South Africa’s 1996 Choice on Termination of Pregnancy Act clearly stipulates that counselling of pregnant women must be “non-directive”. This means that counsellors cannot push women to make any particular decisions.
“By offering directive counselling, they are violating the law and the national guidelines and we will take action,” says Yogan Pillay, deputy director general at the department of health, responsible for maternal, child and women’s health.
The Seasons and Crossroads centres are among 50 South African affiliates of Heartbeat International, a US Christian conservative organisation created almost 50 years ago as part of the backlash against abortion rights in America.
Today, an 18-country investigation by openDemocracy reveals how Heartbeat has funded and coordinated anti-abortion organisations around the world.
At Heartbeat affiliates across continents, undercover reporters were fed inaccurate and misleading information, including false claims that:
- abortion increases women’s risks of getting cancer;
- a woman needs consent from a partner to access a termination;
- hospitals will refuse to treat serious complications from abortions.
Materials from Heartbeat’s trainings, which are available at a discount to its affiliates, show a trainer telling a hypothetical caller to delay accessing abortion and emergency contraception and claiming that condoms don’t work.
A second Heartbeat webinar teaches people misinformation including that abortion increases risk of abuse of other children and can ‘turn’ partners gay.
Responding to openDemocracy’s questions, Heartbeat said “we stand firmly by our Commitment of Care” – a standards document that commits affiliates to accuracy in their information and advertising – “and by all our training resources designed for the pregnancy help community”.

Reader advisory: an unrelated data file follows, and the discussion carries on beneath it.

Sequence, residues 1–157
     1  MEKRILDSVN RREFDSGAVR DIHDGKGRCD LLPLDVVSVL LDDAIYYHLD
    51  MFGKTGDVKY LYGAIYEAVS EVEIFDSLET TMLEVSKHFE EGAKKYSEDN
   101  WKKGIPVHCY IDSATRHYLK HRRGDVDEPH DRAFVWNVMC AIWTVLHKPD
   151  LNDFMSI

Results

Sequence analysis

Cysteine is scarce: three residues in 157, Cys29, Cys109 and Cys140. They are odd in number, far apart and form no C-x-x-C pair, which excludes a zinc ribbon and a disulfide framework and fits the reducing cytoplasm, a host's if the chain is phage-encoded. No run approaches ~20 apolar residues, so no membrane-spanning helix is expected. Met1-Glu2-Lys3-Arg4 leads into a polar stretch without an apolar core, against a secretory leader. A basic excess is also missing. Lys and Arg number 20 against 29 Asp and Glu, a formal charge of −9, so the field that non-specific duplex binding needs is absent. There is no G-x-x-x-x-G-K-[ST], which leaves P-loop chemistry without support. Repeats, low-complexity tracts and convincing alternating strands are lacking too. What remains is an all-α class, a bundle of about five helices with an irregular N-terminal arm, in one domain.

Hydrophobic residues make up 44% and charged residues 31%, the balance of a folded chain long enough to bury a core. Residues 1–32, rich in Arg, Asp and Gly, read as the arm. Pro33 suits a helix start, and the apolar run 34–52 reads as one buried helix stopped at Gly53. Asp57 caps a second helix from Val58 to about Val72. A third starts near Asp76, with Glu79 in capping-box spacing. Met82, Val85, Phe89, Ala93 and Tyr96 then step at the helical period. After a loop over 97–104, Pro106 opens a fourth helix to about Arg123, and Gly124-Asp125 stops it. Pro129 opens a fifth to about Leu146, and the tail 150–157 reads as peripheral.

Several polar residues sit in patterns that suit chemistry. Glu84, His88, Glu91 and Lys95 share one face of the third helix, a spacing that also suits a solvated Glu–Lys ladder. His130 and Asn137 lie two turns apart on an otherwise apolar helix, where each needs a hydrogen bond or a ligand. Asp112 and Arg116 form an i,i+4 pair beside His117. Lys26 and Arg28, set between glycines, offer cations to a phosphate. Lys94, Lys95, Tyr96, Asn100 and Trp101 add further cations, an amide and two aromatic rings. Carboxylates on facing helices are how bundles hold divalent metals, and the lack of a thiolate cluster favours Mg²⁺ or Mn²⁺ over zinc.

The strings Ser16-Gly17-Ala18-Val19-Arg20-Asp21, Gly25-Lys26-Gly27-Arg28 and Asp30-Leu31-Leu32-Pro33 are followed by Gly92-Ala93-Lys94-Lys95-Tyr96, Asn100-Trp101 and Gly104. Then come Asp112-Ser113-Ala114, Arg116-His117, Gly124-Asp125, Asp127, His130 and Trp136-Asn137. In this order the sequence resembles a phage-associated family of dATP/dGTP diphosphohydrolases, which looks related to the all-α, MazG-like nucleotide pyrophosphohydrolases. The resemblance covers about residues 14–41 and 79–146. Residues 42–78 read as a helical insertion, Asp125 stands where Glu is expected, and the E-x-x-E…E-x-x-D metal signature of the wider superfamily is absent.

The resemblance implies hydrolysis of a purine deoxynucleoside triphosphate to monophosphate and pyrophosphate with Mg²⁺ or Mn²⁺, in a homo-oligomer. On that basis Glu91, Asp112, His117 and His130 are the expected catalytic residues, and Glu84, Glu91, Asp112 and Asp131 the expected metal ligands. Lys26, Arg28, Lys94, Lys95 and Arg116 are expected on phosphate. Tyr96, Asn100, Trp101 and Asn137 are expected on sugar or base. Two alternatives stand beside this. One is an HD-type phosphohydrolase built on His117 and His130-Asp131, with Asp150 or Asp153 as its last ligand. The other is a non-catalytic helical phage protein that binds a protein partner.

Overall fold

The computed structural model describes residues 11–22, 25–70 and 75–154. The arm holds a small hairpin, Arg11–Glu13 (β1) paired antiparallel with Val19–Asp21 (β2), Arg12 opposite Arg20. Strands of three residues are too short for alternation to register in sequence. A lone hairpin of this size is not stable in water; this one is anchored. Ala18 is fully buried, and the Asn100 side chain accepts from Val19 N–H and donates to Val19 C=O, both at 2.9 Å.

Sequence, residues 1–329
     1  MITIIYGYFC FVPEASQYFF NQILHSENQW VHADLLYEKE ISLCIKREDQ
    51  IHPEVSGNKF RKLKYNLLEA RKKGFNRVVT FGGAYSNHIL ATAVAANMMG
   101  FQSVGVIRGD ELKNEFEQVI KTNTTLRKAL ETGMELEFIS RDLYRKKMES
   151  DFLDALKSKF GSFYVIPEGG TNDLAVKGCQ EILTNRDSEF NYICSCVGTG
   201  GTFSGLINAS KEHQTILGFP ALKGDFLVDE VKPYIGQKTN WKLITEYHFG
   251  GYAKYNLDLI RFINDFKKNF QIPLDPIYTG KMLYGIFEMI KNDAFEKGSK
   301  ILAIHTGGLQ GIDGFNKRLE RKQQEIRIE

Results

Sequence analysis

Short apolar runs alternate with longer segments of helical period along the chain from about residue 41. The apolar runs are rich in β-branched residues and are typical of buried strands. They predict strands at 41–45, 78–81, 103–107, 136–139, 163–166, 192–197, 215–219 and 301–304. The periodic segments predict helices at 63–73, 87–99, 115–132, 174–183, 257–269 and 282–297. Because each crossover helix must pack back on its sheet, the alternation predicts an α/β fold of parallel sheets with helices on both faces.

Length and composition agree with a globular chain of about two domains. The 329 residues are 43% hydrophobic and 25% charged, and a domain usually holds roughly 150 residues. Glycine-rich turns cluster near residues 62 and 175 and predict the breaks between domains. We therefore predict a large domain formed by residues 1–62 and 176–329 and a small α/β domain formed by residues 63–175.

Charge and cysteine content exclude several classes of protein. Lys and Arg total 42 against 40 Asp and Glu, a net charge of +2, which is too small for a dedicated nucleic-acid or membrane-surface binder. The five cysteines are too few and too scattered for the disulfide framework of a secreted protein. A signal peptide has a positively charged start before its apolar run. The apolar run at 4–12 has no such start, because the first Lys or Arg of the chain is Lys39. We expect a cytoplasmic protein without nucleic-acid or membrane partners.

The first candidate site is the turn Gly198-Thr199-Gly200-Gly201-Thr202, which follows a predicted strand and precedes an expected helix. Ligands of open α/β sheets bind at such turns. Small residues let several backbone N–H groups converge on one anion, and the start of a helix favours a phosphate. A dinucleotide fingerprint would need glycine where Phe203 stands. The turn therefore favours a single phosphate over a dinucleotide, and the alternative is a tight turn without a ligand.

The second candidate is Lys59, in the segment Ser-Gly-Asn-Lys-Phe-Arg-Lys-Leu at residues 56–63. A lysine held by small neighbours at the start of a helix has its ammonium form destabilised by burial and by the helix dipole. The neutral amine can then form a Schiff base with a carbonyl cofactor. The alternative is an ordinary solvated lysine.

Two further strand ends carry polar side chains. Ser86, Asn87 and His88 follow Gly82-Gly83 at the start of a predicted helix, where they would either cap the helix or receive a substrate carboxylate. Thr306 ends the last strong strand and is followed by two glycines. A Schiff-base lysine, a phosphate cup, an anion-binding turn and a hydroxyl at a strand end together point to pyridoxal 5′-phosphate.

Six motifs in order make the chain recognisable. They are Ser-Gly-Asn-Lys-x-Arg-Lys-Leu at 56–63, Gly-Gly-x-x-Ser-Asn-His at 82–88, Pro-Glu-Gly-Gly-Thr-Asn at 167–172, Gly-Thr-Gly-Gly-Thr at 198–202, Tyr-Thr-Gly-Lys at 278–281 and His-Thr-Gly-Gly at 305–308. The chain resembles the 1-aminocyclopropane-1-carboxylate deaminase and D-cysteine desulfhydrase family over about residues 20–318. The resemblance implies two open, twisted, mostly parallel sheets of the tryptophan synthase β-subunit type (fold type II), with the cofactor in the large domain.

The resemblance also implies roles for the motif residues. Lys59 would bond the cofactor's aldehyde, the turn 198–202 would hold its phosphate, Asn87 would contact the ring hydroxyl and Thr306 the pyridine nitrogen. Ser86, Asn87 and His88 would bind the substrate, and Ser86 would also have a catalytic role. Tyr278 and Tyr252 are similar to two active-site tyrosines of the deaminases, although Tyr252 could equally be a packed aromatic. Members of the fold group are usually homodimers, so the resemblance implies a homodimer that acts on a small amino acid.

“Different countries have their cultures and varied ways of communicating, the fact remains that abortion carries risks to women”, Heartbeat added. “With love and truth, our goal is to help the client understand abortion more fully, so that she can truly make an informed decision.”
‘Tacit approval’ for law-breaking
In South Africa, Pillay urged members of the public to “report the illegal actions of these centres to the [health] department”, which he says can then write to these centres and “ask them why they are breaking the law.”
But Marion Stevens, director of the Sexual and Reproductive Justice Coalition, a network of civil society groups, was sceptical about the government taking action. She remembers giving a briefing on these centres to parliament in 1995. Decades later, she says they’re “flourishing in South Africa”.
“Their counselling continues to be directive, they have a clear anti-abortion agenda and are well known”, she says, adding: “I am concerned that the department of health tacitly approves of their services by not ensuring that the services they provide are consistent with our law.”
In reponse, Pillay at the health department says it did not approve of these anti-abortion centres and that it was working with partners to extend access to abortion, as well as training more health workers to perform abortions.
At the Western Cape Health Department, spokesperson Sandra Maritz adds that there is “no relationship” between the Stellenbosch Hospital and the Seasons crisis pregnancy centre that operates on its premises.
It has an office in the hospital’s administration block, she says, due to a separate space-sharing agreement between the centre and another mental health services NGO. “We will engage the service provider on the alleged advice given [by Seasons to clients] to determine the way forward”.